6 Month Preparation Plan for Software Engineering Interviews
  1. First things first. Commit to it. Realize that you will spend the next 6 months on this.
  2. Give yourself time. Give yourself 6 months if possible. You are probably preparing with a job or school, so it will take time.
  3. If you want a guided bootcamp, check out Interview Camp

Here is a concise plan. Now, the pace will vary from person-to-person. I am assuming you are preparing alongside a full-time job or study.

Also, this plan doesn’t cover System Design. That should be done separately, and usually takes a lot less time than Algo prep.

  1. (Month #1) Master important data structures

    Learn at least the following for each data structure: Implementation, Insertion, Deletion, Lookup.

    Get a book in your language of choice, or rely on online articles.

    Here is a list of data structures to master:

    • Arrays and Lists
    • 2D Arrays
    • Strings
    • Linked List
    • Stack
    • Queue
    • Hash Table & Hash Set
    • Heap
    • Graphs
    • Binary Tree
    • Binary Search Tree
    • Trie
  2. (Month #1) Master a few classic algorithms:

    You should know how to implement them in < 10 minutes if you practice them a few times.

    • Binary Search
    • Breadth First Search
    • Depth First Search
    • Merge Sort
    • Quick Sort
    • Selection Algorithm
  3. (Month #1) Prepare for Recursion and Backtracking: Used very often.

    Do the following problems to get a good base:

    Recursive Practice Problems with Solutions - GeeksforGeeks

    Congratulations! You’ve mastered the basics. Now for the good part.

  4. (Month #2 & #3) Get Cracking the Coding Interview(CTCI). It gives you a good baseline.

    Most questions are on the easier side (for Google and Facebook). But it’s good to know them before proceeding to harder questions.

    Note: You don’t need to implement all the questions. Follow this strategy:

    • For each chapter, implement the first 2 questions. This gives you practice with that data structure.
    • Then, go down the list of questions and try to solve them. Try visualizing the code in your head. Can you figure out the structure?
    • If yes, move to the next question to save time.
    • If no, try implementing the code.

    Congratulations! You’re now good at many simple and some advanced problems. Time to do realistic stuff.

  5. (Month #4 and #5) Get Elements of Programming Interviews. This is the best collection of realistic problems for Google/Facebook interviews.

    They have versions in C++, Java, and Python.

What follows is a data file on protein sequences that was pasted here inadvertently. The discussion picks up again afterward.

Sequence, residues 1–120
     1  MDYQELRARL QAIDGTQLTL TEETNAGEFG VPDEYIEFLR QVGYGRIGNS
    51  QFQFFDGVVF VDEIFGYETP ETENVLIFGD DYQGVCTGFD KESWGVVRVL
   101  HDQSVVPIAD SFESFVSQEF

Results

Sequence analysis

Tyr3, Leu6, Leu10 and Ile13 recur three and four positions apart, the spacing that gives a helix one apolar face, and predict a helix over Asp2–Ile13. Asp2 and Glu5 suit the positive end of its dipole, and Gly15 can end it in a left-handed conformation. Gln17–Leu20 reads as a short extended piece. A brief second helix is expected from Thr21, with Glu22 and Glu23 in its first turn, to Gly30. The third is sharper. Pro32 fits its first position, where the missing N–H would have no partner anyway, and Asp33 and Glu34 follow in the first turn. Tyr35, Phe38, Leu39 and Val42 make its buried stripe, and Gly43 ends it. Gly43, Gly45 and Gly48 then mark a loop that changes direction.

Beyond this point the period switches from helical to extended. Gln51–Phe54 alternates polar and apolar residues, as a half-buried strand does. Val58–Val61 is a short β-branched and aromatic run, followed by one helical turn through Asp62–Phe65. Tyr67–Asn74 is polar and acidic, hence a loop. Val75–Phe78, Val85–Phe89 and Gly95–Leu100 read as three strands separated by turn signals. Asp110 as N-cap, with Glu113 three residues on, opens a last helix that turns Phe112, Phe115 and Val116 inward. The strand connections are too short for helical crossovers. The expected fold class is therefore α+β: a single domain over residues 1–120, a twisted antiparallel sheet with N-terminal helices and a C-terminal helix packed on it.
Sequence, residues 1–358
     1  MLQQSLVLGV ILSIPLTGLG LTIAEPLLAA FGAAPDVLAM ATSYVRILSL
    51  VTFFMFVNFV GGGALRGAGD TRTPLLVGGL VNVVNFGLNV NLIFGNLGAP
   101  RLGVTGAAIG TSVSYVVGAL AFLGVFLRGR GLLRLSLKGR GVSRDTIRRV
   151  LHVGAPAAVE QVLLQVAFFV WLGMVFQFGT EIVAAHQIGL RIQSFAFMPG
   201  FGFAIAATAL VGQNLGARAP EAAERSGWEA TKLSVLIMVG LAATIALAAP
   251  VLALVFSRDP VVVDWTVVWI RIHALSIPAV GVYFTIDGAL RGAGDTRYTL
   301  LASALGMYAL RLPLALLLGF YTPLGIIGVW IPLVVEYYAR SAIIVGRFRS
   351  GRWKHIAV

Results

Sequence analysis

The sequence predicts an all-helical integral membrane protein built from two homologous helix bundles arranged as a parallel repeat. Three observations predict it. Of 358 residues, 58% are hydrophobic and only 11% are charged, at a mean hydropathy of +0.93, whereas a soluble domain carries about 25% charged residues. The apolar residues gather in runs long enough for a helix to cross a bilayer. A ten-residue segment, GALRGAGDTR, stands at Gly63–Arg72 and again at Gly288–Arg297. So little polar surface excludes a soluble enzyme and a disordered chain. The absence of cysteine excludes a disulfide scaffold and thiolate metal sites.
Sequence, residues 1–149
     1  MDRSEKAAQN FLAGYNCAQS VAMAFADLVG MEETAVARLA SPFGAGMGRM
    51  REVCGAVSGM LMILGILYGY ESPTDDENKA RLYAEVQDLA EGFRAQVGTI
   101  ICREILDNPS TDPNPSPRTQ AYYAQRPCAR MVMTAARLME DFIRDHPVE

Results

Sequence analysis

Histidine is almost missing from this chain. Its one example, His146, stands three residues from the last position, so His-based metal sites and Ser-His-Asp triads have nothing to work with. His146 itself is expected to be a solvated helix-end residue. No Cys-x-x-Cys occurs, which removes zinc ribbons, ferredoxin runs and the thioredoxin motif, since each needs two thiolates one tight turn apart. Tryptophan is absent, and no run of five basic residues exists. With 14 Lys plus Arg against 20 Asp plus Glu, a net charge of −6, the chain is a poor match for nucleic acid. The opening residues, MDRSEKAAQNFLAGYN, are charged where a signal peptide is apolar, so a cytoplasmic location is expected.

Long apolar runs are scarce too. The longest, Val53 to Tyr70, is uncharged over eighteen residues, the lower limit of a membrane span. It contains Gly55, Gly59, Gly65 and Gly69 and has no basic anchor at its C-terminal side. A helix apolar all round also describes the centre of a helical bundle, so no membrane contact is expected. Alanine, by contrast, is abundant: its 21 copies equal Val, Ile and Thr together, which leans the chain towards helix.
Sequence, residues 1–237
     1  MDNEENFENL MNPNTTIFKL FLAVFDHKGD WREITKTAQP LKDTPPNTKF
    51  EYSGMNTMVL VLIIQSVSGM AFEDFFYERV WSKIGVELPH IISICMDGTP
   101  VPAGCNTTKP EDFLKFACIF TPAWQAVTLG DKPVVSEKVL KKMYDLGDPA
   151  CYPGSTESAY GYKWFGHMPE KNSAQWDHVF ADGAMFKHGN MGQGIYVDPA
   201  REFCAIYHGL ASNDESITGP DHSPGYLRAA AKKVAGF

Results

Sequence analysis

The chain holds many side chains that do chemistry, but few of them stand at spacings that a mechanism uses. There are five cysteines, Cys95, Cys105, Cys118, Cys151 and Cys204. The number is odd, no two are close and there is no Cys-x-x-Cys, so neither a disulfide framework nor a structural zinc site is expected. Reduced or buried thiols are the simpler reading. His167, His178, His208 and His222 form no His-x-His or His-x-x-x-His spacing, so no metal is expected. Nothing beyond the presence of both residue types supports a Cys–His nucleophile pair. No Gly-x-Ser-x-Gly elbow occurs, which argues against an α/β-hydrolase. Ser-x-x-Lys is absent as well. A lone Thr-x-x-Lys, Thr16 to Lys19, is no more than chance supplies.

Go through the book just like you went through CTCI above.

    Congratulations! You have now mastered several Medium/Hard problems.

  6. (Month #6) In the remaining time, look at questions on Leetcode.

    The more questions you practice, the better you get at new questions.

Here are some other things to do along the way:

Learn your Language: Know how to manipulate each data structure, write classes and objects, string operations, etc.

Get a Pencil and Paper: Ditch the computer. Writing with a pencil is closer to the actual interview. Of course, for phone interviews, you can practice on a computer.

Get a Whiteboard: Want to get closer to the real deal? Get a whiteboard at home.

Here’s an odd tip - get a fine-tip marker: Fine-tip markers save a lot of space during the interview. Conference room markers are often thick and unusable.

Keep a Schedule: Always follow a schedule. It need not have a timeline - but it should have a curated list of questions and/or topics.

Know your Big Os: Don’t bluff time and space complexities if you’re not sure. Analyze them for every problem you practice.

Find a study buddy: This one can be a game changer. A majority of candidates study alone. Finding someone to discuss problems with is very motivating. Go to interview meetups or checkout Interview Camp’s online community.

Do mock interviews: 2-3 mock interviews will help weed out obvious issues in your approach. The goal here is to catch red flags and get comfortable with the actual interview.

Use good variable names: Your code should be readable, and variable names are a big part of it.

Use Helper Functions when needed: To save time, utilize helper functions. This lets you focus on the core logic of your application. Implement the actual helper functions later if needed.

Network - get referrals: Internal referrals is the most sure-shot way of getting interviews. Look through your network and find contacts in the company. A lot of times, Meetup speakers work at a company you might be targeting. This can be a connection hack.

Ask your recruiter about the process: Processes can vary by company. Make sure you ask recruiters follow-up questions. A very common one is - “Will there be a domain-specific interview?”

All the best for your interviews!

Original answer on Quora: How can I get a job at Facebook or Google in 6 months?